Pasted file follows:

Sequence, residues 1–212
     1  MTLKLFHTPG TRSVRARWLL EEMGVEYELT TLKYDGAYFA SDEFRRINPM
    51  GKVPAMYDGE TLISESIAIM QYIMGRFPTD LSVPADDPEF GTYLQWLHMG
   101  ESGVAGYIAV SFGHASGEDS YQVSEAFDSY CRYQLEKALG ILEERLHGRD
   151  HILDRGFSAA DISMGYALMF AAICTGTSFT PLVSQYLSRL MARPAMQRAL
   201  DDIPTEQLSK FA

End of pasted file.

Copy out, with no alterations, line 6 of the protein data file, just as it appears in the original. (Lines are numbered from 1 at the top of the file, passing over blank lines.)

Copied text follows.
   201  DDIPTEQLSK FA